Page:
On July 4, NASA's Deep Impact spacecraft will attempt an extraordinarily daring encounter with the far-flung comet Tempel 1 hurtling through space at tens of thousands of miles per hour. As if that is not challenging enough, the comet's size, shape and other characteristics are not entirely known.
Two of NASA's eyes in the sky, the Spitzer and Hubble Space Telescopes, helped scientists prepare for the comet encounter. From their orbits high above Earth, the telescopes watched Tempel 1 in early 2004. Together they came up with the best estimates of the comet's size, shape, reflectivity and rotation rate. The data may help Deep Impact snap pictures of the dramatic rendezvous and increase the probability of making contact with the comet.
"Even tiny adjustments to our model of Tempel 1 are crucial to hitting the target and setting camera exposure times," said Dr. Carey Lisse, Johns Hopkins University Applied Physics Laboratory, Laurel, Md. Lisse is team leader for the Tempel 1 Spitzer studies.
Previous observations of Tempel 1 taken with ground-based telescopes indicated the comet is dark and oblong, with a width of a few miles. Spitzer and Hubble refined these measurements, revealing a matte black comet approximately 8.7 by 2.5 miles, or roughly one-half the size of Manhattan Island, N.Y.
"Spitzer was crucial in pinning down the comet's size," said Dr. Michael A'Hearn, University of Maryland, College Park. He is principal investigator for Deep Impact and the Hubble observations. "We'll know exactly what it looks like when we get there," he said.
The Deep Impact spacecraft was launched on January 12, 2005. Its mission is to study the primordial soup of our solar system, which is sealed away inside comets.
On July 3, as it approaches Tempel 1, the spacecraft will separate into two parts. The impactor will attempt the tricky task of placing itself in the path of the speeding snowball, while the second part, the flyby spacecraft, swings around for a ringside view.
After the impactor is released, its specialized software will steer it toward the sunlit portion of Tempel 1's nucleus. To program the software, mission planners at NASA's Jet Propulsion Laboratory (JPL) needed to know the size and reflectivity of Tempel 1's surface. Since its surface can't be observed directly from Earth, scientists turned to Spitzer's infrared eyes to measure its size.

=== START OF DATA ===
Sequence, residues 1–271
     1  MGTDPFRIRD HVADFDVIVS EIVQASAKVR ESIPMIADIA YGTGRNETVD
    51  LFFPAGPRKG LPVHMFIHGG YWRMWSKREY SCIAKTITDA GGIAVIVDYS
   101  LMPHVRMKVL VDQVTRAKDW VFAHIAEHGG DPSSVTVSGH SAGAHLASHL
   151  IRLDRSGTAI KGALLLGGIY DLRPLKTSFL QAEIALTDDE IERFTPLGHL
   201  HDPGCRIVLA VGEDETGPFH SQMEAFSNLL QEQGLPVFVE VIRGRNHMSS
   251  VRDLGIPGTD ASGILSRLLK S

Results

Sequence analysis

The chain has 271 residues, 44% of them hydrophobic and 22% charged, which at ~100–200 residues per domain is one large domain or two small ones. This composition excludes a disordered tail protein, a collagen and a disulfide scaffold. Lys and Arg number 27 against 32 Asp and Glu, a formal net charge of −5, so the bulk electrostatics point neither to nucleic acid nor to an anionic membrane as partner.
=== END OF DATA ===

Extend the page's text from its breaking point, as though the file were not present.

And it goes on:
When viewing a comet in visible light from very far away, only reflected sunlight can be seen, so a big, dark comet can look the same as a highly reflective, small comet. In infrared light, a comet's radiated heat is measured, providing a direct look at its size.
Once the size of Tempel 1 was known, scientists could calculate surface reflectivity. They calculated the amount of reflected, visible light observed by Hubble and found Tempel 1 reflects only four percent of the sunlight that falls on it.
"Knowing the reflectivity also tells us how to set up our cameras," Lisse said. "Like photographers, it's important for us to know our subject before the shoot."
Tempel 1's shape and two-day rotation rate were derived from long-term observations made by various telescopes, including Hubble, Spitzer and the University of Hawaii's 2.2-meter telescope at Mauna Kea.
In addition to the flyby spacecraft images, at least 30 telescopes around the world, including Spitzer, Hubble and the Chandra X-ray Observatory, will be watching the dramatic impact. By analyzing the material blown out of the interior of the comet, this global network of telescopes will assemble a list of the raw ingredients that went into making the planets in our solar system.
JPL manages the Deep Impact mission for NASA. The Space Telescope Science Institute (STScI) is operated by the Association of Universities for Research in Astronomy, Inc. (AURA), for NASA, under contract with the Goddard Space Flight Center, Greenbelt, MD. The Hubble Space Telescope is a project of international cooperation between NASA and the European Space Agency (ESA).
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